# Random tree embeddings

Random embeddings

When it is impossible to achieve a low-distortion embedding of some space ${X}$ into another space ${Y}$, we can consider more lenient kinds of mappings which are still suitable for many applications. For example, consider the unweighted ${n}$-cycle ${C_n}$. It is known that any embedding of ${C_n}$ into a tree metric incurs distortion ${\Omega(n)}$. On the other hand, if we delete a uniformly random edge of ${C_n}$, this leaves us with a random tree (actually a path) ${C'_n}$ such that for any ${x,y \in C_n}$, we have

$\displaystyle d_{C'_n}(x,y) \geq d_{C_n}(x,y) \geq \frac12\, \mathop{\mathbb E}[d_{C'_n}(x,y)].$

In other words, in expectation the distortion is only 2.

Let ${(X,d)}$ be a finite metric space, and let ${\mathcal F}$ be a family of finite metric spaces. A stochastic embedding from ${X}$ into ${\mathcal F}$ is a random pair ${(F,Y)}$ where ${Y \in \mathcal F}$ and ${F : X \rightarrow Y}$ is a non-contractive mapping, i.e. such that ${d_Y(F(x),F(y)) \geq d_X(x,y)}$ for all ${x,y \in X}$. The distortion of ${F}$ is defined by

$\displaystyle \max_{x,y \in X} \frac{\mathop{\mathbb E} \left[d_Y(F(x),F(y))\right]}{d_X(x,y)}\,.$

We will now argue that every finite metric space admits a surprisingly good stochastic embedding into tree metrics. The next result is from Fakcharoenphol, Rao, and Talwar, following work by Bartal and Alon, Karp, Peleg, and West.

Theorem 1 Every ${n}$-point metric space ${(X,d)}$ admits a stochastic embedding into the family of tree metrics, with distortion ${O(\log n)}$.

We will need the random partitioning theorem we proved last time:

Theorem 2 For every ${\Delta > 0}$, there is a ${\Delta}$-bounded random partition ${\mathcal P}$ of ${X}$ which satisfies, for every ${x \in X}$ and ${0 < r \leq \Delta/8}$,

$\displaystyle \mathop{\mathbb P}\left(B(x,r) \nsubseteq \mathcal P(x)\right) \leq \frac{8r}{\Delta} H\left(|B(x,\Delta/8)|,|B(x,\Delta)|\right). \ \ \ \ \ (1)$

From partitions to trees. Before proving the theorem, we discuss a general way of constructing a tree metric from a sequence of partitions. Assume (by perhaps scaling the metric first) that ${1 < d(x,y) \leq 2^M}$ for all ${x,y \in X}$ with ${x \neq y}$. Let ${P_0, P_1, \ldots, P_M}$ be partitions of ${X}$, where ${P_k}$ is ${2^k}$-bounded. We will assume that ${P_M = \{X\}}$ and ${P_0}$ is a partition of ${X}$ into singleton sets.

Now we inductively construct a tree metric ${T = T(P_0, P_1, \ldots, P_M)}$ as follows. The nodes of the tree will be of the form ${(k,S)}$ for ${k \in \{0,1,\ldots,M\}}$ and ${S \subseteq X}$. The root is ${(M,X)}$. In general, if the tree has a node of the form ${(j,S)}$ for ${j > 0}$, then ${(j,S)}$ will have children

$\displaystyle \{ (j-1, S \cap T) : T \in P_{j-1} \textrm{ and } S \cap T \neq \emptyset\}.$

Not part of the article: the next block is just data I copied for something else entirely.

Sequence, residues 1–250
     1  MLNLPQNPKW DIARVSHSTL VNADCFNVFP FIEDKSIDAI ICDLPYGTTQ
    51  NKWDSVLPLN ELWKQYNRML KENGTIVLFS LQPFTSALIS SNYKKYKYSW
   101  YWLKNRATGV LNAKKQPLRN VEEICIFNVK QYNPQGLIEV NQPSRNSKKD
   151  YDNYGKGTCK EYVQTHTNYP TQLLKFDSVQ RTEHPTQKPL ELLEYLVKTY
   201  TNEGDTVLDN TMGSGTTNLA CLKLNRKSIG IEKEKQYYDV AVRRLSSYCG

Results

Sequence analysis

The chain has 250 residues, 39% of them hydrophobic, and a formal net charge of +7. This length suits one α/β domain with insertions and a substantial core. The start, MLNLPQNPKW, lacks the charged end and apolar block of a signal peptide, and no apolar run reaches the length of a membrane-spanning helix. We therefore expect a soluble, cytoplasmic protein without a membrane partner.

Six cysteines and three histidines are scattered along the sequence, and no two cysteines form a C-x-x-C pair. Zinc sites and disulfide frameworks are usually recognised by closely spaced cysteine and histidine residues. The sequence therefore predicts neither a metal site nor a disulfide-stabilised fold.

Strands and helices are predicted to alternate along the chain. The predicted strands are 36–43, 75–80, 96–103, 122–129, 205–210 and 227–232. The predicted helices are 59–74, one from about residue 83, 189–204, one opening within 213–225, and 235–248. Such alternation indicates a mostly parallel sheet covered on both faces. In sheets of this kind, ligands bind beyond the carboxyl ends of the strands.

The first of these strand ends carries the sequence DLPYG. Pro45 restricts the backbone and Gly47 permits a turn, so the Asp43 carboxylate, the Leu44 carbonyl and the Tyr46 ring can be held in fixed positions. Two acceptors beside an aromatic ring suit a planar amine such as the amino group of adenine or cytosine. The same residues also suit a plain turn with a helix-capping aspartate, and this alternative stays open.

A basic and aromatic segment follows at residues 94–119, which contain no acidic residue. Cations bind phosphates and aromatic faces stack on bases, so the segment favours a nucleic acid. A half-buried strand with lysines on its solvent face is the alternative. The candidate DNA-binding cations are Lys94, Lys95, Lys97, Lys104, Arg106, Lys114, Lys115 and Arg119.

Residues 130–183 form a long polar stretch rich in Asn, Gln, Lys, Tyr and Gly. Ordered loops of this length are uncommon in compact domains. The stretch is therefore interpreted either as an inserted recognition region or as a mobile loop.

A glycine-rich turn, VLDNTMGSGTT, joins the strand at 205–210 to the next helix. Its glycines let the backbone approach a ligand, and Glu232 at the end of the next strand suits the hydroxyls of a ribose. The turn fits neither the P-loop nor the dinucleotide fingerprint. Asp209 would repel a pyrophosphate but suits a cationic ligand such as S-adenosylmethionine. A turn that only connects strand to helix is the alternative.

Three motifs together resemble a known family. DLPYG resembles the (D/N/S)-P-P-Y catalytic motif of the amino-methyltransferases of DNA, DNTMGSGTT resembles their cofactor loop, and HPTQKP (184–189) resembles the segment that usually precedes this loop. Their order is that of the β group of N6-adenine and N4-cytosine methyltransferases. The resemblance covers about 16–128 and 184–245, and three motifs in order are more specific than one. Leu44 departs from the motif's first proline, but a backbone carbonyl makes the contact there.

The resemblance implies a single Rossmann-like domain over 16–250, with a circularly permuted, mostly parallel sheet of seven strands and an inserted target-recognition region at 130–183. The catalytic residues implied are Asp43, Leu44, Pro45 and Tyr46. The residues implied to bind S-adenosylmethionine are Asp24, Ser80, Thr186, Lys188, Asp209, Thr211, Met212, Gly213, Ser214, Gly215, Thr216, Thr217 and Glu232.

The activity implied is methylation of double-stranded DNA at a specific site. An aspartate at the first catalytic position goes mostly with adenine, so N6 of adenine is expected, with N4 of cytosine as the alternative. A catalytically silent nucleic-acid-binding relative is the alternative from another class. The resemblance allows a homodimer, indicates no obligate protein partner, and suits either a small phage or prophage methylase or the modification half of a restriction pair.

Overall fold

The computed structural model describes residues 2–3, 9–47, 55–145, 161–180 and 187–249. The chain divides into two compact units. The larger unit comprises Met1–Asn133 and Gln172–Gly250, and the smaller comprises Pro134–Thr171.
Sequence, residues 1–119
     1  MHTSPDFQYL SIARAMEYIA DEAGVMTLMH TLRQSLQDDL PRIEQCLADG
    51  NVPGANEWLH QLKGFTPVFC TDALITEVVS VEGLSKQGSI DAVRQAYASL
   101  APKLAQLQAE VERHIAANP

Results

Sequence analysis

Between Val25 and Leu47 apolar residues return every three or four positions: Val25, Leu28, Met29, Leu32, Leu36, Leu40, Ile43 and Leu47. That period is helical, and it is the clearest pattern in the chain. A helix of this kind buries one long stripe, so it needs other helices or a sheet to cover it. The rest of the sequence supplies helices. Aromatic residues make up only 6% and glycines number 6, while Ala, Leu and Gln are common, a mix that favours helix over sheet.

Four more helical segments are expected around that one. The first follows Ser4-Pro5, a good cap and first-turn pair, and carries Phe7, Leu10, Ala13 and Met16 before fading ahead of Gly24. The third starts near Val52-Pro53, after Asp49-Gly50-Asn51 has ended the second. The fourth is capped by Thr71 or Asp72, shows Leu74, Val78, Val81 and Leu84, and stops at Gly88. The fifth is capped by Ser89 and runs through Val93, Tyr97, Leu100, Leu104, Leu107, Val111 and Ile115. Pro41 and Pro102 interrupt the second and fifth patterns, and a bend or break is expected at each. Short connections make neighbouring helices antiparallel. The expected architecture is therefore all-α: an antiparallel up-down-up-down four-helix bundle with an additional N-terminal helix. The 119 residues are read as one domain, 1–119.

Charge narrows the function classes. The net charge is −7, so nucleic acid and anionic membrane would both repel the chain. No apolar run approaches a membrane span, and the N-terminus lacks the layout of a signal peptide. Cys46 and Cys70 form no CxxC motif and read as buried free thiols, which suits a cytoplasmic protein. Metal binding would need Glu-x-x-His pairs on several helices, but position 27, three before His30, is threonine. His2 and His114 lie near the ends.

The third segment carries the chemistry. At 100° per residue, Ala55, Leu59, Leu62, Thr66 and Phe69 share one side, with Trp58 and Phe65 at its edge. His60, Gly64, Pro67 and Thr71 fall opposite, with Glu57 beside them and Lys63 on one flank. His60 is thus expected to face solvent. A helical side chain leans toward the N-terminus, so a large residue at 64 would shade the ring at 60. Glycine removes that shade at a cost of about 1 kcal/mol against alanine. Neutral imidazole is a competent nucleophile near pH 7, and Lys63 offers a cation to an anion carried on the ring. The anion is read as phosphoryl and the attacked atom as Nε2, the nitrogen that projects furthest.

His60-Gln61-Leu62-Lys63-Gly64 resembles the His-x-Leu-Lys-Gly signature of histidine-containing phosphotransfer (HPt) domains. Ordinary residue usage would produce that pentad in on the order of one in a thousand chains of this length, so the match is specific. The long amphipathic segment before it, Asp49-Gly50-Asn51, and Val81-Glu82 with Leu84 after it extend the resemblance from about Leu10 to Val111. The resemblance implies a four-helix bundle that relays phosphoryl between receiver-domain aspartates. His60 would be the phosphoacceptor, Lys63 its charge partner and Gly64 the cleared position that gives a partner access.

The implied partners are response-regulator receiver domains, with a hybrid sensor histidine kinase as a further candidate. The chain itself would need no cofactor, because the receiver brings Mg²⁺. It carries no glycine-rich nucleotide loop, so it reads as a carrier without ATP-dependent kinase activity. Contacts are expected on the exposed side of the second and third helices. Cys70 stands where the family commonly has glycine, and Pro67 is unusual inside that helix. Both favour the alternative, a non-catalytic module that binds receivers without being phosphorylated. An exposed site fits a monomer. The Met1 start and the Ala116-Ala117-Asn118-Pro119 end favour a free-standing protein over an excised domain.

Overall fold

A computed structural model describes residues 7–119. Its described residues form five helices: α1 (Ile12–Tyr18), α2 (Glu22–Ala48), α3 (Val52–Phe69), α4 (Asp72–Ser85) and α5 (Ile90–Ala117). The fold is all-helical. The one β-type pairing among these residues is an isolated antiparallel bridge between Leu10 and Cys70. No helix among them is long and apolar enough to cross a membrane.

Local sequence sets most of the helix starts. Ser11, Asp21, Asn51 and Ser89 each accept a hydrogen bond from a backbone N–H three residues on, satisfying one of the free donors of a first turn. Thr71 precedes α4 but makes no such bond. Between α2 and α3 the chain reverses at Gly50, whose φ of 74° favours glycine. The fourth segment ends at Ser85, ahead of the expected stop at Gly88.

The length of an edge of the form ${\{(j,S), (j-1,S')\}}$ is ${2^{j}}$. This specifies the entire tree ${T}$. We also specify a map ${F : X \rightarrow T}$ by ${F(x) = (0,\{x\})}$. We leave the following claim to the reader.

Claim 1 For every ${x,y \in X}$,

$\displaystyle d_{T}(F(x),F(y)) = 2 \sum_{k=1}^{j+1} 2^k = 2^{j+3}-4.$

where ${j \in \{0,1,\ldots,M\}}$ is the largest index with ${P_j(x) \neq P_j(y)}$.

Note, in particular, that ${F : X \rightarrow T}$ is non-contracting because if ${2^j < d(x,y) \leq 2^{j+1}}$ for some ${j \geq 0}$, then ${P_j(x) \neq P_j(y)}$ since ${P_j}$ is ${2^{j}}$-bounded, implying that ${d_{T}(F(x),F(y)) \geq 2^{j+3}-4 \geq 2^{j+1}}$.

Now we are ready to prove Theorem 1.

Proof: Again, assume that ${1 < d(x,y) \leq 2^M}$ for all ${x,y \in X}$. For ${0 < k < M}$, let ${\mathcal P_k}$ be the ${2^k}$-bounded random partition guaranteed by Theorem 2. Let ${\mathcal P_0}$ be a partition into singletons, and let ${\mathcal P_M = \{X\}}$. Finally, let ${\mathcal T=\mathcal T(\mathcal P_0, \ldots, \mathcal P_M)}$ be the tree constructed above, and let ${F : X \rightarrow \mathcal T}$ be the corresponding (random) non-contractive mapping.

Now, fix ${x,y \in X}$ and an integer ${h}$ such that ${2^h < d(x,y) \leq 2^{h+1}}$. Using Claim 1 and (1), we have,

$\displaystyle \mathop{\mathbb E}\left[d_{\mathcal T}(F(x),F(y))\right] \leq \sum_{j=0}^M \mathop{\mathbb P}[\mathcal P_j(x) \neq \mathcal P_j(y)] \cdot 2^{j+3}$

$\displaystyle \leq O(d(x,y)) + \sum_{j=h+3}^M \frac{8\,d(x,y)}{2^j} 2^{j+3} H\left(|B(x, 2^{j-3})|,|B(x,2^{j})|\right)$

$\displaystyle \leq O(d(x,y)) + \sum_{j=h+3}^M \frac{8\,d(x,y)}{2^j} 2^{j+3} H\left(|B(x, 2^{j-3})|,|B(x,2^{j})|\right)$

$\displaystyle \leq O(d(x,y)) + O(1) \,d(x,y) \sum_{j=h+3}^M H\left(|B(x, 2^{j-3})|,|B(x,2^{j})|\right)$

$\displaystyle \leq O(H(1,n))\,d(x,y)$

$\displaystyle \leq O(\log n)\,d(x,y),$

where in the penultimate line, we have evaluated three disjoint telescoping sums: For any numbers ${1 \leq a_1 \leq a_2 \leq \cdots \leq a_k}$,

$\displaystyle H(a_1,a_2)+H(a_2,a_3)+\cdots+H(a_{k-1},a_k)=H(a_1,a_k).$

$\Box$

Since every tree embeds isometrically into ${\ell_1}$, this offers an alternate proof of Bourgain’s theorem when the target space is ${\ell_1}$. Since we know that expander graphs require ${\Omega(\log n)}$ distortion into ${{\ell}_1}$, this also shows that Theorem 1 is asymptotically tight.